Both types of loans have a six-month deferment period after you leave school. Generally, you want to use subsidized loans before unsubsidized and unsubsidized loans before private loans.
Dependent undergraduate students
|Year||Subsidized Borrow Limit||Total Borrowing Limit|
|3rd-year & beyond||$5,500||$7,500|
Independent undergraduate students
|Year||Subsidized Borrowing Limit||Total Borrowing Limit|
|3rd-year & beyond||$5,500||$12,500|
Graduate and professional students
|Annual Limit||Total Borrowing Limit|
Maximum limits for Direct PLUS Loans
Direct PLUS Loans are another source of money for students who need additional funds to afford college. There are two types of PLUS loans: Parent PLUS Loans and Graduate PLUS Loans.
- Parent PLUS Loans are designed for parents of undergraduate students who want to help their children pay for college. Borrowers must be parents of dependent students, have healthy credit, and meet other general eligibility requirements.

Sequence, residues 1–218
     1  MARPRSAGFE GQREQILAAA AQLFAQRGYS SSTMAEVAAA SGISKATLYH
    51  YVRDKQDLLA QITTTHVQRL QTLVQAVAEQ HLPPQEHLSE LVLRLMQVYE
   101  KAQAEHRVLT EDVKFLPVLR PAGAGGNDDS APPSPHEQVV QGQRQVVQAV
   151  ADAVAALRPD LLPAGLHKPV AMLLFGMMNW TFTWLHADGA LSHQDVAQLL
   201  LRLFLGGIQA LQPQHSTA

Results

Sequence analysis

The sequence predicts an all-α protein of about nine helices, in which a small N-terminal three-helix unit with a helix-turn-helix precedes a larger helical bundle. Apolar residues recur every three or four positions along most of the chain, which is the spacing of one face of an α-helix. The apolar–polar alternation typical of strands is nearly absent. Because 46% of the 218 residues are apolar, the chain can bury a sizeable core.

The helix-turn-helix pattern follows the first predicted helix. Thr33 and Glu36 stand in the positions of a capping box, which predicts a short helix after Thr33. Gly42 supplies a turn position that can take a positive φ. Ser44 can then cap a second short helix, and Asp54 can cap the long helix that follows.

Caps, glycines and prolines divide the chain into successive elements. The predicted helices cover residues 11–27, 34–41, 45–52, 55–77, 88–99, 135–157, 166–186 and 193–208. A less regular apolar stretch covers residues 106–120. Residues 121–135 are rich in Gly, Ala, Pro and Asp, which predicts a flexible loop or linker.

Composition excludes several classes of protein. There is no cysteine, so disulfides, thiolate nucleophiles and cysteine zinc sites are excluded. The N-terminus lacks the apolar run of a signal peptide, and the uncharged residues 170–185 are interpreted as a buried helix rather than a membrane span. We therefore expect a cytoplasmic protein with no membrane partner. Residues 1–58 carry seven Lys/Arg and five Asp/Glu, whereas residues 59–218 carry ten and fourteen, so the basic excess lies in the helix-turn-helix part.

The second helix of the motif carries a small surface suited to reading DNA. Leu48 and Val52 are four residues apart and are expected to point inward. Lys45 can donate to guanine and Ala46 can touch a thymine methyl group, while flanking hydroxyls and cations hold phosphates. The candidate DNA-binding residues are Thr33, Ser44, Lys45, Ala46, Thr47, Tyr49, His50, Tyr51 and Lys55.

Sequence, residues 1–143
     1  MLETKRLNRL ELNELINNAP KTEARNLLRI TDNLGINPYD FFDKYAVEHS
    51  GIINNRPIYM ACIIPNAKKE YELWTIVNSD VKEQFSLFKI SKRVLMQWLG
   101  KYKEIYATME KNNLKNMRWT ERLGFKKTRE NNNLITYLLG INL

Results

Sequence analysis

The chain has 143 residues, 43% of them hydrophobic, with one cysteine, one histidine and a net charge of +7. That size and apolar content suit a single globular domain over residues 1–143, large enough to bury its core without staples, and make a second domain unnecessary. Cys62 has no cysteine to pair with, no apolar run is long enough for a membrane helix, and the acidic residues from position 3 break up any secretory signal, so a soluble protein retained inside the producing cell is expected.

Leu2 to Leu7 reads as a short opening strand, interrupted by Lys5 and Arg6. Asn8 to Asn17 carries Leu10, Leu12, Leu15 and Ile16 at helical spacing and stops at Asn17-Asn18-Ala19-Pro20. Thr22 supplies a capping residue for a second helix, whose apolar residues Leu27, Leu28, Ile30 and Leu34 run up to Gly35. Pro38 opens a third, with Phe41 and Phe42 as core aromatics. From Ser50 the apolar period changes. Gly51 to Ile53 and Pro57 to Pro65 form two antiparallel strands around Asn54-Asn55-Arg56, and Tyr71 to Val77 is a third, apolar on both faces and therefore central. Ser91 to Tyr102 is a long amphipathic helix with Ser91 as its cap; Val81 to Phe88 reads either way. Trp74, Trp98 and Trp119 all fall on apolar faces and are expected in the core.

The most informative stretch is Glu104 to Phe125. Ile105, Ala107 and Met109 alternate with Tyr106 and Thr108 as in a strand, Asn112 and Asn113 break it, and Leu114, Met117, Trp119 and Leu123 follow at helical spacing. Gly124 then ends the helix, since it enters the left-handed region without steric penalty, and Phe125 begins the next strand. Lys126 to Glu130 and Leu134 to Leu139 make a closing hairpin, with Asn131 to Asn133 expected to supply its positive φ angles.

- Graduate PLUS Loans are available to independent graduate students who have solid credit and are attending school at least half-time.
You can apply for both types of PLUS loans by filling out the FAFSA and then going to StudentAid.gov and applying for a loan directly on the website. Both loans also offer a wide variety of repayment plans so you can choose one that suits your needs.
PLUS loan borrowing limits are much looser than those on Direct Subsidized and Unsubsidized Loans. You can borrow up to the full cost of attendance, minus any financial aid that you’ve received, but the rates tend to be higher than Direct Loan rates.
Remember, a college’s cost of attendance includes tuition, fees, on-campus room and board, books, transportation, and other related costs.
Private student loan limits
Private student loans are loans that come from individual banks and lenders. The borrowing limits vary from one lender to another and can also depend on your credit history. Often, you’ll want to get a cosigner to help you qualify for a loan and get a reasonable interest rate.
Here’s a list of some popular private lenders and their maximum loan amounts for undergraduates—typically, graduate students can borrow more. You can visit our guide to the best private student loans to see our top choices.
|Lender||Max. Loan Amount|
|College Ave||100% of school-certified cost of attendance|
|CommonBond||100% of attendance cost|